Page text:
Entries linking to well-regulated
"in a satisfactory manner," Old English wel "abundantly, very, very much; indeed, to be sure; with good reason; nearly, for the most part," from Proto-Germanic *wel- (source also of Old Saxon wela, Old Norse vel, Old Frisian wel, Dutch wel, Old High German wela, German wohl, Gothic waila "well"), from PIE root *wel- (2) "to wish, will" (source also of Sanskrit prati varam "at will," Old Church Slavonic vole "well," Welsh gwell "better," Latin velle "to wish, will," Old English willan "to wish;" see will (v.)).
Also used in Old English as an interjection and an expression of surprise. The adjective was in Old English in the sense "in good fortune, happy," from the adverb; sense of "satisfactory" is from late 14c.; "agreeable to wish or desire" is from mid-15c.; "in good health, not ailing" is from 1550s. Well-to-do "prosperous" is recorded by 1794.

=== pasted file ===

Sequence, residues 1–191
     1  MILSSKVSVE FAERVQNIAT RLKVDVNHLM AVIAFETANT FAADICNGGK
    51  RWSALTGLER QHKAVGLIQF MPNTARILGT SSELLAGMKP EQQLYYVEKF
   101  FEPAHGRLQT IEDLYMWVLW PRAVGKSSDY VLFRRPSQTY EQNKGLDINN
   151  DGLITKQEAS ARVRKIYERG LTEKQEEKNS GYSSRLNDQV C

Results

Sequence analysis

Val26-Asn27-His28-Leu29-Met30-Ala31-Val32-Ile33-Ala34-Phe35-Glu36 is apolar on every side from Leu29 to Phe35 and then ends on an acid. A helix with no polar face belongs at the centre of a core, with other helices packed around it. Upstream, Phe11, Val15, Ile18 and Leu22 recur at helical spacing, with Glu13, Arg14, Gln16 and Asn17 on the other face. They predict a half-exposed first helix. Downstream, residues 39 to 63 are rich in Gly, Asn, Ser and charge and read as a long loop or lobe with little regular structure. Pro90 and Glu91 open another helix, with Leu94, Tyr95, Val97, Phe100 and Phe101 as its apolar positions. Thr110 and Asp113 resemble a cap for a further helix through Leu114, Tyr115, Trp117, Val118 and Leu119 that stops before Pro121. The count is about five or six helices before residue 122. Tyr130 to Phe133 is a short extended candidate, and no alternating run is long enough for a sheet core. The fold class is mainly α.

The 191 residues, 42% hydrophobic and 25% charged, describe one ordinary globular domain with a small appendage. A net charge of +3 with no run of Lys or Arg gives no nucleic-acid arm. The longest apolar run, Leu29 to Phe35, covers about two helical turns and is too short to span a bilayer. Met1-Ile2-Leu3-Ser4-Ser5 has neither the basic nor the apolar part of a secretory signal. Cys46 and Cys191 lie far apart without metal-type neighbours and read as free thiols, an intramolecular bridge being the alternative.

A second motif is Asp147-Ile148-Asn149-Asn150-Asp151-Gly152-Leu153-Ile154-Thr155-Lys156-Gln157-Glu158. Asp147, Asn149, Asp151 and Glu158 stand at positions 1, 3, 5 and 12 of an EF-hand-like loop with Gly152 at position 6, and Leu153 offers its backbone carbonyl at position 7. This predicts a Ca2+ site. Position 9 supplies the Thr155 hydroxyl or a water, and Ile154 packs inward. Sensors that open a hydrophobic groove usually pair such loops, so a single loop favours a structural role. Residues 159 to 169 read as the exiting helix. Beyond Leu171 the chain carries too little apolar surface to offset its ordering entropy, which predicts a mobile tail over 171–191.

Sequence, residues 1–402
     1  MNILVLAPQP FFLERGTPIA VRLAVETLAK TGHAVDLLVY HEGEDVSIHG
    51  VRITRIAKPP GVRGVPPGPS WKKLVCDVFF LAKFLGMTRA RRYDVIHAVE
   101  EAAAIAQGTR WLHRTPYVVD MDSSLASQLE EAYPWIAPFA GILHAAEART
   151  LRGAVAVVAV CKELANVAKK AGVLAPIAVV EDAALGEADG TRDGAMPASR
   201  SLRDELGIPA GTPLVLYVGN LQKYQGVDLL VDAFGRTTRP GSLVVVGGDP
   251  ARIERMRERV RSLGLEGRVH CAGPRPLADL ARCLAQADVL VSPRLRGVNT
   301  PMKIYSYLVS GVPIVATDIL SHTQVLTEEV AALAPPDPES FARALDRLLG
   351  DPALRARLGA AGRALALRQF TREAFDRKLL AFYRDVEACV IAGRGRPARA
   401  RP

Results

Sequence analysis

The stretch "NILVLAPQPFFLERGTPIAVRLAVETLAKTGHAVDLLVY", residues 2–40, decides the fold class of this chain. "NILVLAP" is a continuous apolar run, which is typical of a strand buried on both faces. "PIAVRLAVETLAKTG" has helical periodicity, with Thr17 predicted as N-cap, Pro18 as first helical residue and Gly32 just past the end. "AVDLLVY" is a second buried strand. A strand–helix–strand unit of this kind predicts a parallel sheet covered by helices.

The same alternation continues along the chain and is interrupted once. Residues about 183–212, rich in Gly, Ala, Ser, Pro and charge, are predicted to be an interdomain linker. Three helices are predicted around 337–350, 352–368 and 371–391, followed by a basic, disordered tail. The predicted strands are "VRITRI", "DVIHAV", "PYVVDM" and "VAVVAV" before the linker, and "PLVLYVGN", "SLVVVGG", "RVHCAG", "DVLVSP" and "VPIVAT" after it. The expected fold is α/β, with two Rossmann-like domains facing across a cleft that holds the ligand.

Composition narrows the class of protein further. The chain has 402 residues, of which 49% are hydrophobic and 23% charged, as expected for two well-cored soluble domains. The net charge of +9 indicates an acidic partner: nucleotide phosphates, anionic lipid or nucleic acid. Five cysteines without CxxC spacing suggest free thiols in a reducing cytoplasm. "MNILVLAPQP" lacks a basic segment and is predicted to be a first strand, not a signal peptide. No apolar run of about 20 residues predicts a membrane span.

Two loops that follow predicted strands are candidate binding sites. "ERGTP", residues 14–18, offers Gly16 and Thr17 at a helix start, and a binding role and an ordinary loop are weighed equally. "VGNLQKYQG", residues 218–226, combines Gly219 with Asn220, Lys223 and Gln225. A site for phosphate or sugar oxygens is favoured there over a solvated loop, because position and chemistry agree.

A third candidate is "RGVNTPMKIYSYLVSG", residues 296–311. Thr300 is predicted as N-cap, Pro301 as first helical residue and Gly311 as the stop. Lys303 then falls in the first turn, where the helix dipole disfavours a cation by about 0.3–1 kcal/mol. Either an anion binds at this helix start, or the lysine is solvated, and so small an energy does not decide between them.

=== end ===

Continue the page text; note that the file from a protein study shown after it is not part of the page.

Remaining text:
early 15c., regulaten, "adjust by rule, method, or control," from Late Latin regulatus, past participle of regulare "to control by rule, direct," from Latin regula "rule, straight piece of wood" (from PIE root *reg- "move in a straight line," with derivatives meaning "to direct in a straight line," thus "to lead, rule").
Meaning "to govern by restriction" is from 1620s. Sense of "adjust (a clock, etc.) with reference to a standard of accuracy" is by 1660s. Related: Regulated; regulating.
updated on October 10, 2017